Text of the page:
On Feb. 28, 1928, disaster struck Olivet College, leaving a charred shell of a dormitory standing in place of Parsons Hall.
At approximately 9:30 a.m., a fire tore its way through Parsons’s upper floors. While the Charlotte Fire Department did its best to control the flames, the building was destroyed, and with it, part of Olivet history was reduced to ashes and bricks.
In the 1860s, Olivet College was quickly expanding, and the school desperately sought a new dormitory. With a quickly growing campus population, along with new majors being added, and literary societies expanding, a new dormitory was necessary to keep Olivet College on the hill Father Shipherd founded it on, according to Olivet College archive records. In order to raise funds, the school held “brick meetings” for the cost of the land, a brick machine and the men and fuel for the job, according to archive records.
It was at one of these brick meetings that Olivet College caught the eye of Philo Parsons. Inspired by the townspeople’s generosity and tenacity, along with his own religious beliefs, Parsons ended up donating $15,000 to the creation of this new building, according to a Feb. 29, 1928 Echo article. In a letter from his brother-in-law, he advised him to donate, stating that “Michigan cannot dispense without Olivet College. It has a grand promise for growth and usefulness.” And thus, Parsons began to etch his name into Olivet College history with the erection of Parsons Hall. He would later serve on the Board of Trustees for nearly 36 years and ultimately donate $50,000 spanning his involvement with the college.
In late June 1866, Parsons himself laid the cornerstone for the new building, which was located where the current men’s dormitory, Blair Hall stands. However the building took nearly five years and $40,000 to complete before finally being opened in 1871.
While referred to as a dormitory, Parsons served numerous roles for the college, according to archive records. While the second, third and fourth floors were used to house male students, the lower floor contained the art department, library, museum, college office, chemistry lab, and four recitation rooms. Literary society rooms were also available on the fourth floor.
For 57 years, Parsons Hall served Olivet College, but that came swiftly to an end on Feb. 28, 1928. The fire, which was blamed on old wiring in the attic of the building, destroyed Parsons Hall, according to the Echo article released the day after the fire. The men who called Parsons’s upper floors home lost almost everything they had, many had only the clothes they wore on their backs. The hall burned well past noon that day, according to the Feb. 29, 1928 Echo article.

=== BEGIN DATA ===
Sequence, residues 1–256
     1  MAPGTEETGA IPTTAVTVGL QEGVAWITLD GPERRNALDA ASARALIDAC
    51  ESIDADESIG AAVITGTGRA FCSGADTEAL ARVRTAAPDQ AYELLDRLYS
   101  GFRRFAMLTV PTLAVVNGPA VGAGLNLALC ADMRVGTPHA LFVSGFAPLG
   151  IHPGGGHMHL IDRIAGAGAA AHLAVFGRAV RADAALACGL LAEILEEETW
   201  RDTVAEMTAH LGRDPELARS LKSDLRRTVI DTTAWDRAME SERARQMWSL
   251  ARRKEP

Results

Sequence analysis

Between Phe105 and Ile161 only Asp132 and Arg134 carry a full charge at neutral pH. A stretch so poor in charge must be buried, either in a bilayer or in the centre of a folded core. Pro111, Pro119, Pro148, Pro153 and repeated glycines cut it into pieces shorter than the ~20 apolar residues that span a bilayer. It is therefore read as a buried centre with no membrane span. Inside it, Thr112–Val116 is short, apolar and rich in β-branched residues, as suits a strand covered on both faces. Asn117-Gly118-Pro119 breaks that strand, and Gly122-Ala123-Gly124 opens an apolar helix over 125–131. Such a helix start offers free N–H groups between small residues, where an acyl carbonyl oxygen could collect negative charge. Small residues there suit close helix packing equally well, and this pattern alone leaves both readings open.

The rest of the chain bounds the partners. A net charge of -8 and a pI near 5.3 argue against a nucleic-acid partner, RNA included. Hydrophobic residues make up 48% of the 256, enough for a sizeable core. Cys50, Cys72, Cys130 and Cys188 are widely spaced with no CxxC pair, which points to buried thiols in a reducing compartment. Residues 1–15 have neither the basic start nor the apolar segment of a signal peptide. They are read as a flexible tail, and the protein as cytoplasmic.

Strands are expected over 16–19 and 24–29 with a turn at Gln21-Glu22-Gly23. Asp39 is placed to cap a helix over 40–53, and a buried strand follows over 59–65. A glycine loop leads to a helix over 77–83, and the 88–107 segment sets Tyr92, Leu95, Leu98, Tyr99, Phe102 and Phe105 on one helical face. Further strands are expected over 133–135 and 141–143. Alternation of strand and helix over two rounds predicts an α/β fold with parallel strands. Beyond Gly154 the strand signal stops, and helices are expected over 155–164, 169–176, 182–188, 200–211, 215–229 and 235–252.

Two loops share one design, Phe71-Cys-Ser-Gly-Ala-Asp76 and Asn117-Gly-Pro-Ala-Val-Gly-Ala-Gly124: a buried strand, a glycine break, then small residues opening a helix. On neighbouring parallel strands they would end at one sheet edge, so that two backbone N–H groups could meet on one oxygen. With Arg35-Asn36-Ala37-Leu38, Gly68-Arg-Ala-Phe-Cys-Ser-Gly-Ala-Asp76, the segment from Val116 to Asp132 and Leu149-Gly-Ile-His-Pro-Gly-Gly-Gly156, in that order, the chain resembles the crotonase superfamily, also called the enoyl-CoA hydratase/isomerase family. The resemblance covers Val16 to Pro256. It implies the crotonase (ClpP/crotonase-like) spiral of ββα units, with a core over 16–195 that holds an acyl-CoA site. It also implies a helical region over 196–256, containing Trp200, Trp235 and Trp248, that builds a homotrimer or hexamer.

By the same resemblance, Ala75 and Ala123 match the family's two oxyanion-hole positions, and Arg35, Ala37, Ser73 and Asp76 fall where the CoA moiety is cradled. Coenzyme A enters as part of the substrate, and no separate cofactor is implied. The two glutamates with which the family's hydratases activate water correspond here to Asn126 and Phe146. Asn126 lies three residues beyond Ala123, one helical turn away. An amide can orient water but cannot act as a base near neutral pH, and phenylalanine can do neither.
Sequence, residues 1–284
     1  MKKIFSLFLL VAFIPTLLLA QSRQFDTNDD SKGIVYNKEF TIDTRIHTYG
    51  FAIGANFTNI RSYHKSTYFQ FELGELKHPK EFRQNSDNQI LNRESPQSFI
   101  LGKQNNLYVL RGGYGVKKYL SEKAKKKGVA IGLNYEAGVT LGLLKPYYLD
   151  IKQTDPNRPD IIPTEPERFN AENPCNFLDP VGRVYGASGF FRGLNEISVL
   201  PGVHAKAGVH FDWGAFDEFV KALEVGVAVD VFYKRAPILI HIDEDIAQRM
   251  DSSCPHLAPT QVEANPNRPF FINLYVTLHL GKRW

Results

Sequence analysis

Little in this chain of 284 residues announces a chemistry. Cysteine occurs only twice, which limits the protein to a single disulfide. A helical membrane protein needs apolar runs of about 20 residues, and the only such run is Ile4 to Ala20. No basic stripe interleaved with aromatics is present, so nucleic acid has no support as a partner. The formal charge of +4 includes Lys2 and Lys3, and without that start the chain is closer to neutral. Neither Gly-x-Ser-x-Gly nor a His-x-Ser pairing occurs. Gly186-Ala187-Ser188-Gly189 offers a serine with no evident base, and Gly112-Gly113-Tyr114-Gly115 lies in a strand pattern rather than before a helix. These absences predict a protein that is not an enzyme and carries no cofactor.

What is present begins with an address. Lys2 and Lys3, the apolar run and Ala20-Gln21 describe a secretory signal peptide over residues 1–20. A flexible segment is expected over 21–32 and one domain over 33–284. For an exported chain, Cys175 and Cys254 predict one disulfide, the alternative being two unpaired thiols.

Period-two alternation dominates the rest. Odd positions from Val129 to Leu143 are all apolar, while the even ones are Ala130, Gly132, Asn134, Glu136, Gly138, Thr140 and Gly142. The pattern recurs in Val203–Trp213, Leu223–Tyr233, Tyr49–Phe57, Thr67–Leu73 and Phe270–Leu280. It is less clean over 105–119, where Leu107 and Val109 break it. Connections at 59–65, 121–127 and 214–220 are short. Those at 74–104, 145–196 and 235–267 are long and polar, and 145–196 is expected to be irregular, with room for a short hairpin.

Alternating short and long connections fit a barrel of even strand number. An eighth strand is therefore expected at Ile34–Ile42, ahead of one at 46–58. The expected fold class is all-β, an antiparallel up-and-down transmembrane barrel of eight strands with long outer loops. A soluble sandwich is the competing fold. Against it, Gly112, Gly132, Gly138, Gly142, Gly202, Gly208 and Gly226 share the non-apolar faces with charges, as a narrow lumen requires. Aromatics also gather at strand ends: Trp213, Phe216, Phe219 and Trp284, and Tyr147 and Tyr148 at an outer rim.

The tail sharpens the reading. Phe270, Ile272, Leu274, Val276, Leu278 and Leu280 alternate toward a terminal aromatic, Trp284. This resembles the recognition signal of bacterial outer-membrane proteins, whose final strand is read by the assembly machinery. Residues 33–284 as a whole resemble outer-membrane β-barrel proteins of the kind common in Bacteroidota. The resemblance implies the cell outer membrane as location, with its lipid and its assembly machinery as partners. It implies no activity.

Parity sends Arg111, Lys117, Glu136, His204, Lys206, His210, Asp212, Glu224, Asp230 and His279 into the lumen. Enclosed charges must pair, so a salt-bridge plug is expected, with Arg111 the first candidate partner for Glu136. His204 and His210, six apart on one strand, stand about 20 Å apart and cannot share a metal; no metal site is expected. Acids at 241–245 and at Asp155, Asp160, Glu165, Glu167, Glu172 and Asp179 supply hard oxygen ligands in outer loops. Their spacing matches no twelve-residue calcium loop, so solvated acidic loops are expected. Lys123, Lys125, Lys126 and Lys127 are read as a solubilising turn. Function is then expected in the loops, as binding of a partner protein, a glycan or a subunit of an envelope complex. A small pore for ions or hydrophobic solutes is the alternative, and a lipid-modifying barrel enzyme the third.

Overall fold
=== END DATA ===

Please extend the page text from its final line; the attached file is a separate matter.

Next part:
The men who lived on the lower floors, however, were fortunate enough to be able to rescue many of their belongings. As the fire consumed the upper floors of Parsons, Olivet students and faculty were able to rescue the art from the art room, many files and lockers, and a great deal of furniture, the article goes on to report.
Olivet College had to quickly deal with the now homeless students, and set up new living arrangements. The Feb. 29, 1928 Echo article was quick to report that the fraternities of Olivet College would take many of the homeless students in, and townspeople even offered up their homes. Shipherd Hall, the ladies dormitory, even offered the spare rooms that were available to the men.
The Echo reports on Feb. 29, 1928, that there was a silver lining to the destruction of Parsons Hall. Olivet College was in need of a new dormitory. Shipherd Hall was outdated, and before the fire, Parsons was also becoming outdated. College president, Axel Vestling held a meeting on campus to discuss what was next. Vestling said that the homeless men would be cared for, and because of Parsons Hall being destroyed, that the college was to receive a new men’s dormitory much sooner than it would have been if Parsons Hall had not burned.
True to Vestling’s word, the cornerstone for what would become Blair Hall was placed Sept. 26, 1928, where Parsons Hall once stood.
Did you know?
On Feb. 14, 1845, Olivet College’s first school building burned before it could even be used, due to embers from a stove igniting the cabin walls. Numerous buildings would also burn over Olivet’s 172-year history.